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Rs 25 lakh a track?

That’s what composers Vishal-Shekhar apparently are being paid for the title song of an upcoming daily.

music Updated: Mar 23, 2011 15:00 IST
Rachana Dubey

Composers Vishal Dadlani and Shekhar Ravjiani’s title track for Star Plus’ upcoming daily, Navya, co-produced by Siddharth Tewary’s Swastik Pictures, is being touted as one of the costliest title tracks composed for a Hindi daily soap in recent times.

Seems the duo are being paid Rs 25 lakh for the track that has lyrics by Anvita Dutt and has been sung by Shilpa Rao. Composers Pritam and Vishal Bhardwaj who scored the tracks for Hrithik Roshan’s TV debut, Just Dance, and the Star Parivaar Awards, along with the channel’s new anthem respectively, have apparently got much lesser amounts.

Pay day
Shekhar refuses to talk figures but says that this is the kind of money his partner and he charge for a corporate song or a commercial jingle. ” “It would be unprofessional of me to comment on the remuneration of other music directors but this is how much we usually charge since we don’t keep any rights with us,” says Shekhar.

“In this case, the channel can exploit the song any way it chooses to and for as many years as it pleases. So, we shouldn’t lose out either.”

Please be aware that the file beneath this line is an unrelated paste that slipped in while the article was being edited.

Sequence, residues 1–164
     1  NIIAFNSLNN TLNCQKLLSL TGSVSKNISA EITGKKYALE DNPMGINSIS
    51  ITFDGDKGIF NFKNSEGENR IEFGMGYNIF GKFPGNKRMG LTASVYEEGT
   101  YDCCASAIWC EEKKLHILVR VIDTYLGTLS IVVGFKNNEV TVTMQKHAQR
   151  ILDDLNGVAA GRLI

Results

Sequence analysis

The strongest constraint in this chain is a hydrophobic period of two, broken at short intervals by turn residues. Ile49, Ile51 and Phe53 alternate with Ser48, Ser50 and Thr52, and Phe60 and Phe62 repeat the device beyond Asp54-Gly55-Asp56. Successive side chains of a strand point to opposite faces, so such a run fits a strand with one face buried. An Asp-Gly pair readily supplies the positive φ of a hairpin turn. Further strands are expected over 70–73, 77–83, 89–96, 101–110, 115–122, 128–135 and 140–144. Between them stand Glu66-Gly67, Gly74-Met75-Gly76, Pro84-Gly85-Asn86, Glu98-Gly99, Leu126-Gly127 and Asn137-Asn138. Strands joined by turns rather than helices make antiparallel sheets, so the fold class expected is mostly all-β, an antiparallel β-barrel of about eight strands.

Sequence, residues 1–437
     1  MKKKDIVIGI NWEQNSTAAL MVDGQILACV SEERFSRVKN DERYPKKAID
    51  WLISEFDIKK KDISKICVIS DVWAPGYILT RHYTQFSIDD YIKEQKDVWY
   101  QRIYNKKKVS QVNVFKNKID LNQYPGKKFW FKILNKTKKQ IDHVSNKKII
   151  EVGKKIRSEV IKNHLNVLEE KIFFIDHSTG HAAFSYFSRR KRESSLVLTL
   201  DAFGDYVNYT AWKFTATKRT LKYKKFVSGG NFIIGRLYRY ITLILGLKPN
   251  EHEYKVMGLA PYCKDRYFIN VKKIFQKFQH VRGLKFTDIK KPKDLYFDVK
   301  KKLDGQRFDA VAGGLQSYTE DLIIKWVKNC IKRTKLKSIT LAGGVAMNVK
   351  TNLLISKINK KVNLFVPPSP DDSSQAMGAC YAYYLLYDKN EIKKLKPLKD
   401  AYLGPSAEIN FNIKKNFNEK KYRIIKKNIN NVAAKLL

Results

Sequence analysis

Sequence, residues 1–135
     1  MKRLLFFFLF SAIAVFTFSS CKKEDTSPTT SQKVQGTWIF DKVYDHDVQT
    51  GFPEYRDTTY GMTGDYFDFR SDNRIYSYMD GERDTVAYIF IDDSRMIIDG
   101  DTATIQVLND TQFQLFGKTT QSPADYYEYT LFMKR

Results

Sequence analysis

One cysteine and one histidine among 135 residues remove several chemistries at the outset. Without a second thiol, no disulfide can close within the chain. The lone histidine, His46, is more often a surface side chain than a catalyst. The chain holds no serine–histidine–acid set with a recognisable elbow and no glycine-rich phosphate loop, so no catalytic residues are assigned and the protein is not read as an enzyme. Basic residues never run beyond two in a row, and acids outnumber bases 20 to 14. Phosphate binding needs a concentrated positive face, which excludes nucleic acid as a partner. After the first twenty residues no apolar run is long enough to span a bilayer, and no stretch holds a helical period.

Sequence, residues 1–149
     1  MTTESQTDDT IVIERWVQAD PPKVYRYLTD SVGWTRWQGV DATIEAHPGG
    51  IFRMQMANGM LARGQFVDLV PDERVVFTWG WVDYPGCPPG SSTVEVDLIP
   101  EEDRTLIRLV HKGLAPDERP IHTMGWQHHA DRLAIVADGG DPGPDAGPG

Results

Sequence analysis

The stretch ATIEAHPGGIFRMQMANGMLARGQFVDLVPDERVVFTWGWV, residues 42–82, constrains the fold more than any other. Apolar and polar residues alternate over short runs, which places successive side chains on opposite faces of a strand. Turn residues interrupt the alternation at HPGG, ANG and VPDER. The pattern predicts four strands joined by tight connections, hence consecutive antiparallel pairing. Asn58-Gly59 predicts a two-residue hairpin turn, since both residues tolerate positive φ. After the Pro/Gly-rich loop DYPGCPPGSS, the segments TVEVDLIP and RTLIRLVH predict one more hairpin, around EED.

It was reported earlier that the duo would be creating an album of five-six songs for the show, keeping its youth-centric story and contemporary setting in mind.

Will the deal now close with just one song? “For now we’ve only created one song that has a Khuda jaane… (Bachna Ae Haseeno) feel to it. As the show progresses, we’ll create other songs and put together an album that will be on the shelves sometime this year. And that’s a lot of work,” says Shekhar.

The composers have earlier judged a reality show on Star Plus that featured popular contestants from other singing reality shows competing with each other.

“With Navya, it’s a package deal since we have a good relationship with the channel. When they approached us, although we were busy with several projects, including a few movies, we agreed to give them some peppy, young tunes,” says Shekhar. “This is a more interactive way of packaging a show.”